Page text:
Entrepreneurship and the Auteur Theory
| Peter Klein |
I’ve been reading Jack Mathews’ The Battle of Brazil: Terry Gilliam v. Universal Pictures in the Fight to the Final Cut, a fascinating — if absurdly one-sided — look at director Terry Gilliam’s struggle to get his 1985 film Brazil distributed in the US. Mathews tells the story as a noble crusade by a brilliant, iconoclastic, visionary filmmaker against the evil studio system, run by corporate toadies who care only about making money, even if it means destroying the artistic unity of the filmmaker’s creative vision. Gilliam had “final cut” rights for a version released in Europe, but his US distributor, Universal, demanded substantial edits, which Gilliam refused to make. Universal, led by Sid Sheinberg (who comes across heroically in documentaries about Steven Spielberg’s Jaws), was completely within its contractual rights to insist on these changes, but the result was a very different film that has been lampooned by critics. (The Sheinberg version was canned and an alternate Gilliam version eventually shown in the US after a long, ugly, public battle between Gilliam and the studio.)
It’s great reading for those interested in movies and the business of making movies. But there’s an interesting entrepreneurship angle as well. Most film critics, including author Mathews, accept the auteur theory of cinema, which sees movies as the highly personal products of a director’s creative vision. The studio approach, which treats moviemaking as a collaborative enterprise designed to make money, is anathema to the auteurs. The case is usually made with familiar anecdotes: 24-year-old Orson Welles had final control over Citizen Kane and created one of the medium’s great masterpieces, while RKO destroyed the follow-up Magnificent Ambersons (and all of Welles’s subsequent films). The studios thought Star Wars would flop, and after George Lucas made his zillions he decided to finance and produce his subsequent films on his own, without studio interference — the dream of every auteur. American art-house darlings like Robert Altman, Peter Bogdonavich, Quentin Tarantino, Jim Jarmusch, etc. are always portrayed as fighting to keep Hollywood from turning their edgy, original films into bland, corporate drivel pitched at suburban soccer moms.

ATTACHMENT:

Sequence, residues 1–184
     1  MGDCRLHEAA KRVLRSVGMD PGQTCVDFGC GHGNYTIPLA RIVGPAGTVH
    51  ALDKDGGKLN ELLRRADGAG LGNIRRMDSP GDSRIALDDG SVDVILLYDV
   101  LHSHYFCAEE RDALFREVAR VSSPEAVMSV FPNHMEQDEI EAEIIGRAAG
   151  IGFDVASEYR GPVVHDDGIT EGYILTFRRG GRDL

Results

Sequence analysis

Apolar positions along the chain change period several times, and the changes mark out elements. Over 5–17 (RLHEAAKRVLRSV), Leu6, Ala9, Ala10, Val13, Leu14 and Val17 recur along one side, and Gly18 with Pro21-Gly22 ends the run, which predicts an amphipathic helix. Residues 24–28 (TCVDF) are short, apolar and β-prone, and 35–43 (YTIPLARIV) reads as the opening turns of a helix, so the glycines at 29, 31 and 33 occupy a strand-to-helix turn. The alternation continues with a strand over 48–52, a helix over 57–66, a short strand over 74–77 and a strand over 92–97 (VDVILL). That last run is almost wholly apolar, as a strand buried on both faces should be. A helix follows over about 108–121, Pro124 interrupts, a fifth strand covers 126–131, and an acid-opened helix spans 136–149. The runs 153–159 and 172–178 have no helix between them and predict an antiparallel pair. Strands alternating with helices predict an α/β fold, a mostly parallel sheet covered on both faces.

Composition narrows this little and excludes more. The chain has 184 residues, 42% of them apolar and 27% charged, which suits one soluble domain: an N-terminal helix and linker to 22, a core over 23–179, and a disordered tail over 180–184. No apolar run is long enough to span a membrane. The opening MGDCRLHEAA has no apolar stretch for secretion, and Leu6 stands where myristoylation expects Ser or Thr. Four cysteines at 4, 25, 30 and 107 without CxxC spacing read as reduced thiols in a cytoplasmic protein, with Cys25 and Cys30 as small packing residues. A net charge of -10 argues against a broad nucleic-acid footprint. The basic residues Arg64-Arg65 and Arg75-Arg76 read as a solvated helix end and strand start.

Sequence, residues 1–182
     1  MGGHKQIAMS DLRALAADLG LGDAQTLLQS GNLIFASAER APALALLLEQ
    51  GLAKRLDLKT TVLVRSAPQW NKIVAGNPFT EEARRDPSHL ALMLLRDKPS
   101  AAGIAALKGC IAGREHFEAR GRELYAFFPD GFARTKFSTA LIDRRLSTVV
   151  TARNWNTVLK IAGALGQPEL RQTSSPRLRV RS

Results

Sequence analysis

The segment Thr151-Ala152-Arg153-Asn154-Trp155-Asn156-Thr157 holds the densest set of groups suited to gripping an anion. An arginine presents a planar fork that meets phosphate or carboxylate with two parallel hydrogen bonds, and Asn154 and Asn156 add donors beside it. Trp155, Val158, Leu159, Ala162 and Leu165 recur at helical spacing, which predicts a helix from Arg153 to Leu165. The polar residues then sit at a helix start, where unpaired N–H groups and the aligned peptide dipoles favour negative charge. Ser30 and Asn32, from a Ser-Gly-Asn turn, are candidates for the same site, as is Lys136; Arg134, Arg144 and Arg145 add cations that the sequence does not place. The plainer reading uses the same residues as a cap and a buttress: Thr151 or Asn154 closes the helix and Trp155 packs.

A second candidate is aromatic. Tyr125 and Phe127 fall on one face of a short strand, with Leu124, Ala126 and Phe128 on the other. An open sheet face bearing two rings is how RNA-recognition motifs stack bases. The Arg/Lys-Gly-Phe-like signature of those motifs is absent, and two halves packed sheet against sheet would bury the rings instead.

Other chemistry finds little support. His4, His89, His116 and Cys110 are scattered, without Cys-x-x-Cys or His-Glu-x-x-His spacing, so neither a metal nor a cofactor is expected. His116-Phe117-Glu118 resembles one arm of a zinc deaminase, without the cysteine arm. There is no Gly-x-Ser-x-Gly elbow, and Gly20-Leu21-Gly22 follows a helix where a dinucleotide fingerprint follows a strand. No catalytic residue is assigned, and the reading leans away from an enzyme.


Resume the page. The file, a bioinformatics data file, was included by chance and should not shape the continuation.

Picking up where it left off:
As Paul Cantor and others have explained, however, the auteur theory is bunk. Moviemaking is, in fact, a collaborative venture, and many of the best films are studio pictures created by large teams — the best example being Casablanca, which was essentially written by committee. Or, as Cantor puts it: “Just three words: Francis Ford Coppola.” (The Godfather films were studio pictures; virtually everything Coppola did since, with the partial exception of Apocalypse Now, has been a disaster.) And take George Lucas: Does anybody think the problem with the prequel trilogy was too many people standing around saying, “George, you can’t do that”?
Consider the parallels with entrepreneurship. The typical narrative pits the visionary entrepreneur against the establishment — incumbent firms, banks, family members, etc. — who tell the entrepreneur it can’t be done. (Think Fred Smith’s legendary college term paper, Ken Olsen’s supposed dismissal of the PC, etc.) As with cinema, we have lots of examples. But think of the selection bias; what about all the radical innovations that would have flopped had they not been wisely rejected by the corporate office, bank, or VC? We accuse these idea filters of frequent Type I error but rarely worry about Type II error.
Much of the entrepreneurship literature treats funders the way the auteur theory treats movie studios and their corporate owners. Their job is to provide whatever resources the auteur-entrepreneur demands, then get out of the way. They shouldn’t have any residual control rights. They don’t understand the creative vision. They care only about short-term profits. Etc. But, of course, without funders, movies wouldn’t get made, and entrepreneurial ideas would remain just that — ideas. All creative ideas require resources, and resource providers are an integral part of the creative process, whether in art or in business.
NB: for more on the parallels between entrepreneurship and the creative arts, don’t miss the upcoming Cultural Bricolage conference here at the University of Missouri.